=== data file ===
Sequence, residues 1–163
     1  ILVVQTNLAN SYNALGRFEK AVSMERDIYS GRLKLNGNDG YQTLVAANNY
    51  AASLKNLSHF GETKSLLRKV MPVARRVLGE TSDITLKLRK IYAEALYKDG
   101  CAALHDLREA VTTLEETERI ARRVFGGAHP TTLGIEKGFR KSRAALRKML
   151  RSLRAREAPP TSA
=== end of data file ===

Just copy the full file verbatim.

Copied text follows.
Sequence, residues 1–163
     1  ILVVQTNLAN SYNALGRFEK AVSMERDIYS GRLKLNGNDG YQTLVAANNY
    51  AASLKNLSHF GETKSLLRKV MPVARRVLGE TSDITLKLRK IYAEALYKDG
   101  CAALHDLREA VTTLEETERI ARRVFGGAHP TTLGIEKGFR KSRAALRKML
   151  RSLRAREAPP TSA